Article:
When Sandra Esparza contacted Mr. Hollenbeck about making a donation of art supplies to the LuHi Art Department, neither could have predicted the collaboration that was to follow. Sandra’s husband, Henry Esparza, was a lifelong artist who split his time between his studio in Denver and Fountain Hills, AZ. After Henry passed away in May 2018, Sandra was left with art supplies, unfinished works, and a desire to pass on his legacy.
Mrs. Esparza and the Art Academy collaborated together to bring Henry’s unfinished pieces to life. Henry’s specialty was contemporary mixed media and collage. He worked on canvas, wood, and paper. He used mediums such as acrylic paint, decomposed granite, varnish, and branches.
“Esparza, who is a master of the collage medium, has developed a style that is passionate, spiritual and formal in his mediums. Esparza's works magnify the poetic essentials of selected ‘found objects,’ which become intensified by the unexpected internal relationships revealed by the juxtaposition of the individual graphic elements or objects.” - from his website, www.henryesparza.com
Students took the backgrounds Henry began and added their own flare to finish the pieces. Many students found completing someone else’s work to be challenging. Even Mr. Hollenbeck found the process stretching:
“Like the students, I was very uncomfortable finishing something Henry had started. It did not take long, however, for me to start enjoying the process. I really identified with the way Henry seemed to work, and I felt that it was very similar to the way I have been working recently. I imagine, although I can’t be sure, that Henry may have let the work come out of the process of trial and error. I feel like he celebrated problems, mistakes, and failures and let them be a major part of the outcome. Henry is an amazing artist, and I have learned from him as I know the students have as well.”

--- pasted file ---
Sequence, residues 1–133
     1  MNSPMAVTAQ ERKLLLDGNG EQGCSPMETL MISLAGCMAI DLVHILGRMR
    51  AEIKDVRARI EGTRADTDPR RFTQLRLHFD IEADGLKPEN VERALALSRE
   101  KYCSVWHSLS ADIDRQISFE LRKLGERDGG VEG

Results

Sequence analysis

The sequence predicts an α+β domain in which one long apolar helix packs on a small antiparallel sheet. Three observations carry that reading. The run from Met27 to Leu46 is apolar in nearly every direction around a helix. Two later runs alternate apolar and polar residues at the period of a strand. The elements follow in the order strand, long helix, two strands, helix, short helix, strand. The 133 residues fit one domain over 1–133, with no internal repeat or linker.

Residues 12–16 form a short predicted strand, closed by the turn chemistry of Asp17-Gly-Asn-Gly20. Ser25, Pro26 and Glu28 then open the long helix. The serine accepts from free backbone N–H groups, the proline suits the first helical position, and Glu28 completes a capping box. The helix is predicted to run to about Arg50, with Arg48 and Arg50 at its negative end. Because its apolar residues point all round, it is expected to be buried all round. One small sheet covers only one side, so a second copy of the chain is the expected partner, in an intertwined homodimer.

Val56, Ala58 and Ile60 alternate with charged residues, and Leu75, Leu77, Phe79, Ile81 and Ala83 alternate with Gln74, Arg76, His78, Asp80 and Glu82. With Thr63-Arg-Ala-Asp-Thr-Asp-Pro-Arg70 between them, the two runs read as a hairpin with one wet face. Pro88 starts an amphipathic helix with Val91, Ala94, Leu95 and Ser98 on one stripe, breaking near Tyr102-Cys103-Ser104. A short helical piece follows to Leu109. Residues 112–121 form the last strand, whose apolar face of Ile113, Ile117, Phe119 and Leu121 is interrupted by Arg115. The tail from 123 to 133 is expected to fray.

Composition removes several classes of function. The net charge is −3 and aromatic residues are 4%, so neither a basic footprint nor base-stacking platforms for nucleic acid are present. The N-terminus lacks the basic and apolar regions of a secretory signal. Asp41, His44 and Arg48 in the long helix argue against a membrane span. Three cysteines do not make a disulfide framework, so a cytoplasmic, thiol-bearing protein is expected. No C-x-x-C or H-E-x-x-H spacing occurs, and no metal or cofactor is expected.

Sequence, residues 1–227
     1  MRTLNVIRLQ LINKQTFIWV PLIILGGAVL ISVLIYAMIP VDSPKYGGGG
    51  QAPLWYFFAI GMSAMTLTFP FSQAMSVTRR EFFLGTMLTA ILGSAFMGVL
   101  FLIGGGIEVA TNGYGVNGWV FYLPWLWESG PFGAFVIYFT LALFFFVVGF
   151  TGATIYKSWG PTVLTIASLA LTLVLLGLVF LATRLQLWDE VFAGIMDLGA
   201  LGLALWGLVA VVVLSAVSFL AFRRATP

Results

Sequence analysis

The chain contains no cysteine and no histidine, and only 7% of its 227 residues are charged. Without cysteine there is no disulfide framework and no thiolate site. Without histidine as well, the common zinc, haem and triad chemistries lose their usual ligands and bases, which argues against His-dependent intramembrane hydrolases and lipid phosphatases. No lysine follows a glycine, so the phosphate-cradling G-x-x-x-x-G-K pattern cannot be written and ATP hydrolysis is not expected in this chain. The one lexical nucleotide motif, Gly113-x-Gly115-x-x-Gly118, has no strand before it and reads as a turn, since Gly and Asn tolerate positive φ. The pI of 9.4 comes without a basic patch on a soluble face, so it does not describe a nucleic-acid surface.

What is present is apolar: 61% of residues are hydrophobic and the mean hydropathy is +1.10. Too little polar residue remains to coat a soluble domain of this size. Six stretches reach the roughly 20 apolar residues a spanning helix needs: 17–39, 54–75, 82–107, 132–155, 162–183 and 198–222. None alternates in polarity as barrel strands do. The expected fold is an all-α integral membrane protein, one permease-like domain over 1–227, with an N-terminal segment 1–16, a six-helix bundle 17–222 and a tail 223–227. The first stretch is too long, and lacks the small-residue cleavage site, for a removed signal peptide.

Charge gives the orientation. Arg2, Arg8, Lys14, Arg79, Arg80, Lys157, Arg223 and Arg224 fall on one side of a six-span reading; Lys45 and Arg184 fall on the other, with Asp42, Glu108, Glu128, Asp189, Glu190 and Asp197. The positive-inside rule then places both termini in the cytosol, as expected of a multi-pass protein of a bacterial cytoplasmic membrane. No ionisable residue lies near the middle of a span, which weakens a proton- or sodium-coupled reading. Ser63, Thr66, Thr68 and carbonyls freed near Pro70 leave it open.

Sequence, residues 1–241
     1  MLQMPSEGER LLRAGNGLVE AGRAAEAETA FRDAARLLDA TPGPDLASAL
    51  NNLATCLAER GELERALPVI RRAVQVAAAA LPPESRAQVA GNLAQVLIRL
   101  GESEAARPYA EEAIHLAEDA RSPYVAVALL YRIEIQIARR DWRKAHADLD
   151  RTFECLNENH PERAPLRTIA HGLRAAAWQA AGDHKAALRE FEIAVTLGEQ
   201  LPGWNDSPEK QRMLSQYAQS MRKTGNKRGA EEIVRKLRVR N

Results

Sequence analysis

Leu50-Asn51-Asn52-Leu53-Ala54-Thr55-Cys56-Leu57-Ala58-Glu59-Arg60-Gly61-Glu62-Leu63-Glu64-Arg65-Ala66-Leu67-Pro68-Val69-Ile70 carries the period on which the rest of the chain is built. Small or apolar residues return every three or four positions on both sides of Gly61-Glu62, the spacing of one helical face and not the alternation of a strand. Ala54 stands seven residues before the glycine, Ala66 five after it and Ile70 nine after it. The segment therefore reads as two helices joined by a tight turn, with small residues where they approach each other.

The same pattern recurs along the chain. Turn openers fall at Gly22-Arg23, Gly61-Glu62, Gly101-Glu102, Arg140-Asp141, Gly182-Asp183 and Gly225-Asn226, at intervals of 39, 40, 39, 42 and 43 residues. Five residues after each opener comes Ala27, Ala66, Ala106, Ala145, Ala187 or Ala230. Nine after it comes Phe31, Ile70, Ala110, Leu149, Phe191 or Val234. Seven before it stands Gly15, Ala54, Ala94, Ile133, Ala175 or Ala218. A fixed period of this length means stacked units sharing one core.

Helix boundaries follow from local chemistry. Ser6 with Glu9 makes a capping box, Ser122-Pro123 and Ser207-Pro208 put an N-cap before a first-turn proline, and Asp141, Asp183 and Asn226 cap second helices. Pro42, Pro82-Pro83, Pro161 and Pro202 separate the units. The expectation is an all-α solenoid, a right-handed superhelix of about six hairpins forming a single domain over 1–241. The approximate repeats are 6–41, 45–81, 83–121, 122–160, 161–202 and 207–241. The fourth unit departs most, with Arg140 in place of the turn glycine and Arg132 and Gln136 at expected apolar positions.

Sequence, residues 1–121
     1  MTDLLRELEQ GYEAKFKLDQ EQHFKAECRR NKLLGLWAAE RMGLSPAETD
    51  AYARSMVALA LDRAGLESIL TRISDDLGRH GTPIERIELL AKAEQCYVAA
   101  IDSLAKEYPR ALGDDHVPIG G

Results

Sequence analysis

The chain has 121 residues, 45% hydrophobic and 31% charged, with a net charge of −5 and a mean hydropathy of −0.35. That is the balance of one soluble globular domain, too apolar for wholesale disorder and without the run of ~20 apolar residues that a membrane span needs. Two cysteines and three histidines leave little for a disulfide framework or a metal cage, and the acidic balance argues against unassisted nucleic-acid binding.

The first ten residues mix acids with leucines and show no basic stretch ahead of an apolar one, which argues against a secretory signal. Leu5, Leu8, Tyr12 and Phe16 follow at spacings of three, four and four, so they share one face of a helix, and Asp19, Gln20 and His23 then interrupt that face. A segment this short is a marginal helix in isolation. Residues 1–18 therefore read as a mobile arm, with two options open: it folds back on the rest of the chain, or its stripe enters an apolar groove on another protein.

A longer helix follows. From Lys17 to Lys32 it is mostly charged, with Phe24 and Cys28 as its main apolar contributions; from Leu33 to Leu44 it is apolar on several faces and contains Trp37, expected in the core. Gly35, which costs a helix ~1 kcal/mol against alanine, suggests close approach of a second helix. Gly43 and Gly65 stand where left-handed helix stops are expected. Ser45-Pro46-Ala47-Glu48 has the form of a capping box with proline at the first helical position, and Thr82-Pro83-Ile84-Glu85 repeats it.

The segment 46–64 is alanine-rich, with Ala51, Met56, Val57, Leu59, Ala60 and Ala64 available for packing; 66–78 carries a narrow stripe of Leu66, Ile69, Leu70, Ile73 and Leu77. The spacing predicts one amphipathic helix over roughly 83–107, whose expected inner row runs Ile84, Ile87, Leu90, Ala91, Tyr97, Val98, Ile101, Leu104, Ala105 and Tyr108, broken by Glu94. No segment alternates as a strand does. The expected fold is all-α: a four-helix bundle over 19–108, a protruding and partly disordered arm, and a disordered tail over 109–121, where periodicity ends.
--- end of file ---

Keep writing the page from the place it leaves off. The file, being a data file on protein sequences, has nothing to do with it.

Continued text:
Ashley Larson shared her thoughts about the process and her final piece, “Initially, I was really intimidated by this project. I couldn’t imagine finishing - and maybe even ruining - someone else’s art. But when I saw a specific wood piece he had spray painted, I understood that this project was so much more than just finishing someone else’s art. For me, it was about learning and remember Henry and developing an understanding of him through his art.”
Students chose pieces based on the colors and backgrounds that inspired them. From there, they used paint, found objects, photographs, fabric, and paper to complete the work.
Then, 17 Art Academy students, along with Mrs. Esparza, hosted an Art Exhibit. The purpose of the Exhibit was to honor Henry's legacy and share the newly finished pieces. Many students spoke about how they incorporated Henry’s style into their work.
Eme Tischart explained the relevance of adding a heart to her piece. She told that hearts were often found in Henry's work. Her twist was to make the heart realistic instead of abstract. Sabrina Moskoe shared about Henry’s love of baseball. Her use of a boy dragging a baseball bat represents Henry leaving behind his identity, vision, and style of work.
Jordan Berry shared, “Henry Esparza’s work connected man and nature. It was simple yet unique, and I wanted to keep this simplicity in my piece.”
Sandra graciously thanked the students and shared a little of her husband’s story. “He loved working with kids, and he would be so happy that they connected with his work in a way that will continue to share his message.”
Henry was very socially conscious and wanted to remind people to wake up and protect what we’ve been given. She felt the students were able to pick up on Henry’s desire to preserve the beauty and stillness in the world.
“He was an artist for the art,” she shared in conclusion.
We are so thankful for the opportunity to collaborate with the Esparza family to honor Henry’s legacy. Ashley Larson summed up the experience entirely. “It was a truly incredible experience to be able to remember and hopefully honor Henry Esparza through finishing his artwork. His spirit shown through his art will always be something I incorporate into my art as well as my life. Henry teaches us all that we need to value nature and simplicity as well as look subjectively into life because so much can be found when you go looking for it.”